Overall, the album puts them on the right trajectory despite its unevenness. The production itself is polished, but some compositions take on too much swagger for their own good. Even so, there are plenty of gems to mine from Favorite Waitress, which will leave some wondering if a tighter album with fewer tracks might have been the better bet after regrouping with a new lineup.
Favorite Waitress is split between gems and stones.
The new lineup — including Ian Felice (vocals, guitar), James Felice (accordion, keys, vocals), Greg Farley (fiddle, vocals), Josh Rawson (bass, vocals), and David "Esta" Estabrook (drums) —isn't the only first for the Felice Brothers. This album is the first produced in a proper studio.
After working for more than a year on material, the band mined through a demo list of a hundred songs and knocked the entire album out in week with the help of long-time producer and collaborator Jeremy Backofen. Mostly they focused on trying to capture a five-piece minimalism, which comes across nicely on several tracks.
The lead promotional track, Cherry Licorice, is one of the finest. The playful song washes away any youthful hardships with an exuberant taste for licorice and love for life. It's made even more captivating with the lyrical video put together by Rawson.
The paintings in the video were contributed by Ian Felice. The entire track also takes on new meaning as the lyrics don't always match the words or include nods in different directions with some creative spelling. But even without the added niceties, Cherry Licorice is one of the album's essential tracks.
Along with that, the opener Bird On Broken Wing establishes that the Felice Brothers are master storytellers. Even the ambient noise in the background seems to add something to the track, a straightforward acoustic that the band dedicated to the memory of Pete Seeger.
Other times, the lyrics get carried away with themselves. Meadow Of A Dream hangs in there before collapsing on a few lines that would have been better left out. Lion doesn't necessarily get the album back on track either. It comes across more as a folk filler, waiting for something better.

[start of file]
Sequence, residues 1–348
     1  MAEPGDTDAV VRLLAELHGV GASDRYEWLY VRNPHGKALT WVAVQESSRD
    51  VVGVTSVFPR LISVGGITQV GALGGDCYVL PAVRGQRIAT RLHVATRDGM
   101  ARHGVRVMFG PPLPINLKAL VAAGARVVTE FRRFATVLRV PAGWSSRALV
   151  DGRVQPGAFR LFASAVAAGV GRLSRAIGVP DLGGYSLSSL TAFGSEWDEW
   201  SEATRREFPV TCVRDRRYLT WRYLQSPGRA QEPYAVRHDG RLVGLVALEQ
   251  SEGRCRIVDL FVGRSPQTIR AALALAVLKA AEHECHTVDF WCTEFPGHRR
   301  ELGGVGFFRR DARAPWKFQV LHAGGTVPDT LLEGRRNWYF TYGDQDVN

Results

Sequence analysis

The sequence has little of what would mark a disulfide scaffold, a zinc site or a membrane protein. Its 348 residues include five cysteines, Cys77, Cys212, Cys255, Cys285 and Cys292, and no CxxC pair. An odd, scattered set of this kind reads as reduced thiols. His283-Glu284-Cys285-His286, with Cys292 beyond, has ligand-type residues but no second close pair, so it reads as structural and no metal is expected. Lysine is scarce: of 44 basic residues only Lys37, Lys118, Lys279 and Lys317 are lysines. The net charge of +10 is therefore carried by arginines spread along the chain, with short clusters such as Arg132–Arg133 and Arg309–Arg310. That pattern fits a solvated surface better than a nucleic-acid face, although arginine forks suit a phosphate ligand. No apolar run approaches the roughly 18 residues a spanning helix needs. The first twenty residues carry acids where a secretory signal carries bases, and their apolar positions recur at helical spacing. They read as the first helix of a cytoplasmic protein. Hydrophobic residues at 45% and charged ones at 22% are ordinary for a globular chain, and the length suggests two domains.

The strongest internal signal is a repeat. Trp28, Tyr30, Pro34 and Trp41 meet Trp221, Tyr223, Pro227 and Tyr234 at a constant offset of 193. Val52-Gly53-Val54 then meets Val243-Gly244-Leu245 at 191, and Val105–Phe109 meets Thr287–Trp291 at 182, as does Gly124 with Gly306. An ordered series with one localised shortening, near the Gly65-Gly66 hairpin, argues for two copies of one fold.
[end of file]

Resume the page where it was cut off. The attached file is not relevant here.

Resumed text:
That something better is Saturday Night, a croaking slow burn with an indifferent and casual melody. Felice sings it with conviction, describing some magical time when anything can happen in life. It doesn't even matter what the outcome might be when you walk into a bar with "a couple bucks in your pocket and head full of teeth that could use loosening."
After that, give a little more attention to Katie Cruel, a rewrite of the American folk song with Scottish influences. The lyrics don't borrow anything from the original song but rather recast Katie Cruel with a few clues that help lock in its origins. No Trouble is a triumph in its sentiment. Chinatown includes a welcome experimental tone to it. Woman Next Door is a fun dance hall rocker before the band closes with Silver In The Shadow (which tries too hard to be an epic closer).
There are clearly enough tracks and diversity to make Favorite Waitress a satisfying album, but some might wonder if it would have been a bit better had some tracks been surrendered in the studio. Still, some might make the case that all it lends to the spontaneity and nonconformity of the band too.
Favorite Waitress By The Felice Brothers Rings 5.3 On The Liquid Hip Richter Scale.
Since the band first came together as an upstate New York outfit bound for New York City, there has always been an authenticity to the Felice Brothers that makes them listenable alongside bands like Dawes and Deer Tick. If anything, Favorite Waitress makes this case even more so.
You can find Favorite Waitress by the Felice Brothers on Amazon or download select tracks from iTunes. Barnes & Noble carries the vinyl edition of Favorite Waitress. For touring dates, visit the band on Facebook. There is a heavy schedule of Midwest and Southern showrooms before the band breaks for the United Kingdom in August.